Sunday, November 5, 2017

Resetting the soul – an endurance athlete’s guide to sanity

Every Fall after a long season of training and racing, I become overwhelmed with a great feeling.  Something comes over me — the desire to throw my bike in a dark corner, and never ride it again.  Okay, maybe not never again, but for at least a month.  That’s right, while many are enjoying arguably the best time to bike in Colorado, I’m thousands of miles from home “recharging”.  No bikes, no (structured) training, no scales, and most importantly, no dieting!  It’s my way of hitting the reset button on my soul, and reconnecting with my family.

Deep In the hole

When you’re deep in the hole of training and racing, the mind can become unclear.  Any endurance athlete knows it takes so much more than just getting in the miles.  There’s making race weight by tirelessly logging every calorie, getting in more sleep than a hibernating grizzly bear, doing yoga/stretching, strength training, and so many other small things.  Essentially, being an endurance athlete so much a part of your being it consumes every aspect of your life —and we love it!

The love affair of being an endurance athlete is complicated though.  Everything it takes to succeed also takes a toll on one’s soul — especially after months of grinding.  More importantly, it takes a toll on your family.  After all, living with your typical narcissistic endurance athlete isn’t easy.  Alas, the fogginess of the mind can make anyone unaware of just how unbearable they are to be around.  That’s when it’s time to press the reset button for the sanity of yourself and loved ones.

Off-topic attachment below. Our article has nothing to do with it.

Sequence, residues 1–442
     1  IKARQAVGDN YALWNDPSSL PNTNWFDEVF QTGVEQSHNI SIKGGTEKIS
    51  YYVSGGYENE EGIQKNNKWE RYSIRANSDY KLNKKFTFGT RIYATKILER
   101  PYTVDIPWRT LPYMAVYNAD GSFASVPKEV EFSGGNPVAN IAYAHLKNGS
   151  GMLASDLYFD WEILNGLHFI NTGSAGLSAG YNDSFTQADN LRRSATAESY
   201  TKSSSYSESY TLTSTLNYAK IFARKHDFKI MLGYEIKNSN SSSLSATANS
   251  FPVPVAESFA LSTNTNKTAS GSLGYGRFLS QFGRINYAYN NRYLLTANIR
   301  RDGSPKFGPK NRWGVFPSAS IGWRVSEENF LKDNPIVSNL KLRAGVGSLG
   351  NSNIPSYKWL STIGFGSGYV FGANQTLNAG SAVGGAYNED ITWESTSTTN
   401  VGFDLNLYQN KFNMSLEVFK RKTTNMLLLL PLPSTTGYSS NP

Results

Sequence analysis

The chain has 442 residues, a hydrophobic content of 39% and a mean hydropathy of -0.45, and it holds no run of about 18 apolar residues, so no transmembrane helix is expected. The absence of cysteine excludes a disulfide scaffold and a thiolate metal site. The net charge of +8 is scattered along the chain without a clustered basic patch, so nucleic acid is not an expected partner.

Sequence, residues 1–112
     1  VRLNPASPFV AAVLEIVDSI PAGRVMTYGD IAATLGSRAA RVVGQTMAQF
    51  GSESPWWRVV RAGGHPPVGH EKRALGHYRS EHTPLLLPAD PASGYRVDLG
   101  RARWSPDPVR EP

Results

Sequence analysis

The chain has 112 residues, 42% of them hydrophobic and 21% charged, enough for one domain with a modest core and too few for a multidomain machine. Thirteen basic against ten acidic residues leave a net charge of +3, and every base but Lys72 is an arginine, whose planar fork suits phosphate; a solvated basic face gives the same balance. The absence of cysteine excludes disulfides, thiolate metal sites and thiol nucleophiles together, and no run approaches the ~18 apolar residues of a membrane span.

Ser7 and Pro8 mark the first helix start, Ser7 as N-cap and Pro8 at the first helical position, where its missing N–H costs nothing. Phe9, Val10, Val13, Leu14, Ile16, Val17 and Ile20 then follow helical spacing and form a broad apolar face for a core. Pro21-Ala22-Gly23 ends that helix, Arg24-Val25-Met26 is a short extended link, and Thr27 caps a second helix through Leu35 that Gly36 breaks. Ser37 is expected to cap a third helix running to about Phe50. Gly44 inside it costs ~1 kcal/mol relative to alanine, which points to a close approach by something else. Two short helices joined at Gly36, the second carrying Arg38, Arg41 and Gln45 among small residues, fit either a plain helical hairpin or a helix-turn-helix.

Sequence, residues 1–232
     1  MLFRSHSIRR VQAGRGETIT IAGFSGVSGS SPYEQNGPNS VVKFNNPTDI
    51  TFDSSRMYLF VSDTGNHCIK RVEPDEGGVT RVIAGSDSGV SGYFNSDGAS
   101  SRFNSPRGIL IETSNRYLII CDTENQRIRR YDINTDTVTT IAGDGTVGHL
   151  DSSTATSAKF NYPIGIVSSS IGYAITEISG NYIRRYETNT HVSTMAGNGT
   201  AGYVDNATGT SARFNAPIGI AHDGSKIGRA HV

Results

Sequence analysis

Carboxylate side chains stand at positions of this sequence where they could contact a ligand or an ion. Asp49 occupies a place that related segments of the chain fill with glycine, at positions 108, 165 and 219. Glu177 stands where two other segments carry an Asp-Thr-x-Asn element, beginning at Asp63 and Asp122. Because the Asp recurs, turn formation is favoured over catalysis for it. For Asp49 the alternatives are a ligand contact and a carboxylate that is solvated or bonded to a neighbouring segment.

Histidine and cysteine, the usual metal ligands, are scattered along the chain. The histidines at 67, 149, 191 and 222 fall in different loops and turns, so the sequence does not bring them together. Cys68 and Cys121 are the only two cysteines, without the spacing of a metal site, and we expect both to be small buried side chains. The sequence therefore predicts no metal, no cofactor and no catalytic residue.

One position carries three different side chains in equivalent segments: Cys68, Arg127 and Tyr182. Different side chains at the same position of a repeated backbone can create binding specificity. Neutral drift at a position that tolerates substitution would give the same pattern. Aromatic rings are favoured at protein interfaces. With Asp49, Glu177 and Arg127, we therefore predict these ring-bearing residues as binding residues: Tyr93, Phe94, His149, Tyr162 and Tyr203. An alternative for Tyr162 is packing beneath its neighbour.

Pressing Reset

When you’re deep in the hole, there’s only one thing left to do — fill that hole back in to the surface! 

Refocus your energy

Even when you’re not trying to be an endurance athlete, you can’t just turn off all that energy.  The offseason is a good time to refocus all that pent-up energy elsewhere.  For example, if you bike, run — if you run, bike.  Personally, as an endurance mountain biker I like to run while also focusing on strength training.  Signing up for an event outside of your field of athleticism can make things fun.  One of my favorite achievements as an endurance athlete is running a half marathon in Lisbon, Portugal.

Another option is to focus your energy on getting things done around the house, especially if you’ve been neglecting projects amid training.  I once spent a whole month remodeling a bathroom before the birth of my son — working on the project after my nine to five and on the weekends.  Although it wasn’t the most fun I’ve had during an offseason, it was incredibly rewarding.

If you’re an endurance cyclist, and you just can’t stay off the bike in the Fall then another great option is cyclocross.  These fast-paced races are great for increasing VO2max, and working on corning skills for both road and mountain cyclists.  Working on dismounting/remounting to get over obstacles is another skill for all those hike-a-bike sections in endurance mountain bike races.  Also, by trading in long rides for shorter all-out rides, you’ll still have more free time with the family!

Putting your main athletic endeavors aside for a while helps you carve it after a long period away.  By the end, you’ll be itching to get back to it for another great season!